Miss Paulina Ellis became his wife. She is daughter of James and Leah, who were among the earliest settlers of the immediate vicinity of Indianapolis Their union has been blessed by six children, three of whom are living James W., John R. and Flora A. They lost three:, Alfred H., Frank and Charles E. Mr. Millard's landed estate consists of 306 acres. His home. which is one of the finest in the township, indicates comfort and prosperity. His orchard will compare favorably with any in the neighborhood. Mi Millard is a Master Mason, Knight Templar and a Granger. He traces his ancestry to English and Welch lineage. Mrs. Millard is of Scotch-Irisba

and German nationality. W: J. Millard, Sr., died in 1877, in the eightysecond year of his age, having served this country in the War of 1812. His widow, mother of the subject of this sketch is still living at the old home, in the eighty-first year of her age. Mrs. Millard's father died in 1845. His mother is still living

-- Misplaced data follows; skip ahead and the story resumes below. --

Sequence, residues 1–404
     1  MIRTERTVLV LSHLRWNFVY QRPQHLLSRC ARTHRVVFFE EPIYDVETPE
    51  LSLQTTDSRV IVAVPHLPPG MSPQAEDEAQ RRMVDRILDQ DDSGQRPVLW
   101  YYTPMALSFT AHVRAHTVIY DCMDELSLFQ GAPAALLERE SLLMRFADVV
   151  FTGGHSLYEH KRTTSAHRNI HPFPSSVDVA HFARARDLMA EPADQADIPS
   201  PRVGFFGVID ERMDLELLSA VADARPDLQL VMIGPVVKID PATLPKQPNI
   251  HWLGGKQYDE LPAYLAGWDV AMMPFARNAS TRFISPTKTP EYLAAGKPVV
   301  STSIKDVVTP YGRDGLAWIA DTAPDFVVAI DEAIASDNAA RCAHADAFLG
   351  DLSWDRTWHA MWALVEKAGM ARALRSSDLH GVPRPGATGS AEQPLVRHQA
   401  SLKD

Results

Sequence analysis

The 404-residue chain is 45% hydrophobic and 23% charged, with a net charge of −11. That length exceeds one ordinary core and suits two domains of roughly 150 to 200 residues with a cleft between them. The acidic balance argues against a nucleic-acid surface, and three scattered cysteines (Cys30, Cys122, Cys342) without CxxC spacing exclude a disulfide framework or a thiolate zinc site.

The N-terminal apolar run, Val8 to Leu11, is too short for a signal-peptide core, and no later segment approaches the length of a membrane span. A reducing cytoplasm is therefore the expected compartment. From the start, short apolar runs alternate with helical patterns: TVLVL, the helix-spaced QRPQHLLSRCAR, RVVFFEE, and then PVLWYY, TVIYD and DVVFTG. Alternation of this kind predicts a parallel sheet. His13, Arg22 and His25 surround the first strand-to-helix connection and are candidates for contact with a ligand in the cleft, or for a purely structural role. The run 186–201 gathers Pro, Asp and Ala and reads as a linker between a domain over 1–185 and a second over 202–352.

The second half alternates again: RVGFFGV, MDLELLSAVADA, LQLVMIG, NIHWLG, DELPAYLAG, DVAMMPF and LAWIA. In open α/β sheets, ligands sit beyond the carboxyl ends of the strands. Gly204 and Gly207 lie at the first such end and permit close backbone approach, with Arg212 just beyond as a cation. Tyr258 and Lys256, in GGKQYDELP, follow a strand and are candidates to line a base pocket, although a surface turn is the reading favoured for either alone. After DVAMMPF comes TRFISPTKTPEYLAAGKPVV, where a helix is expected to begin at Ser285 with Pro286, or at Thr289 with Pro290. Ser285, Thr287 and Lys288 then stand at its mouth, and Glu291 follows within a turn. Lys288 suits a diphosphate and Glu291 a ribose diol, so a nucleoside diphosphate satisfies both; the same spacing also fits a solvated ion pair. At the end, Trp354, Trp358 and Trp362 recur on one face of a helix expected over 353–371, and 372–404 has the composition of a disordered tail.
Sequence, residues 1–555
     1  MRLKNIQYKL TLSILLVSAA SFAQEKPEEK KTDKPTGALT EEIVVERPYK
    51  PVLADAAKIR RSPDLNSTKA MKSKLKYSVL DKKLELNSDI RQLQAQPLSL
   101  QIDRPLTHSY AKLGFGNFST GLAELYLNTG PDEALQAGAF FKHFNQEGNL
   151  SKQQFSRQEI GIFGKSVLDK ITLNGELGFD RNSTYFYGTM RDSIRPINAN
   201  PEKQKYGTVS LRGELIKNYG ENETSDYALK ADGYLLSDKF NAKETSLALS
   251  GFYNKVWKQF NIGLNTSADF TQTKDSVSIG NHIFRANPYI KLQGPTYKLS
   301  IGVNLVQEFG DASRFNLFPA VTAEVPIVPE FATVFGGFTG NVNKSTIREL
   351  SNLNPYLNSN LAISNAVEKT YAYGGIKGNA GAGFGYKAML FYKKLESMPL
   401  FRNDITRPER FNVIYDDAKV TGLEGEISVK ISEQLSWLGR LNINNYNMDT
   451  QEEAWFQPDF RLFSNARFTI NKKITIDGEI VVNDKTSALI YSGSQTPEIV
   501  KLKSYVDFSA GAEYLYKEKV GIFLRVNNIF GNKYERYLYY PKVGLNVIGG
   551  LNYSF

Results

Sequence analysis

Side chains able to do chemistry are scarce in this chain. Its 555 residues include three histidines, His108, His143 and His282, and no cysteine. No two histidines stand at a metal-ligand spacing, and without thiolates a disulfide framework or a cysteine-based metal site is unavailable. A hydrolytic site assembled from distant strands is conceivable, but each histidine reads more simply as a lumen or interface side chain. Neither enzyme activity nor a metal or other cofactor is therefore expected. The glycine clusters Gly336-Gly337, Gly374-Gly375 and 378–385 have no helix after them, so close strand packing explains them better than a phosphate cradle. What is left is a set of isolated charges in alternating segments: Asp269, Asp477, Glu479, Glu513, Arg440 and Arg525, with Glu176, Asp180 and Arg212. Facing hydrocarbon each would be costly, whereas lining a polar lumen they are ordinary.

on the old homestead in Indiana. MITCHELL, J. W.-Physician and surgeon. Was born in Washington county, Indiana, on the nineteenth day of June, 1847, and when five years of age his parents removed to Marion county, Iowa, settling on a farin. The early life of the subject of our sketch was divided between attending school and in assisting in the management of the farm. During the war, when only seventeen years of age," he enlisted in the Third lowa cavalry and served until the close of the war. After his return from the army he attended school and in 1867, having a taste for the practice of medicine, he decided to make it his profession, and commenced reading with Dr. Scoles as preceptor. He attended lectures at Keokuk and was graduated from the Detroit Medical College in 1870, and since that tiine has been actively engaged in the practice of his chosen calling and with eminent success. He is a member of the Marion County Medical Society, also of the State Medical Society. In 1876–7 he went to Philadelphia and attended lectures at the Jefferson Medical College, from which he received a diploma. He possesses considerable professional pride and courtesy and is highly esteemed by his brother practitioners for his ability and interest in his professior. He married Celestia Kelly, October 27, 1870. She was born in Michigan. They bave one son, W. Frank.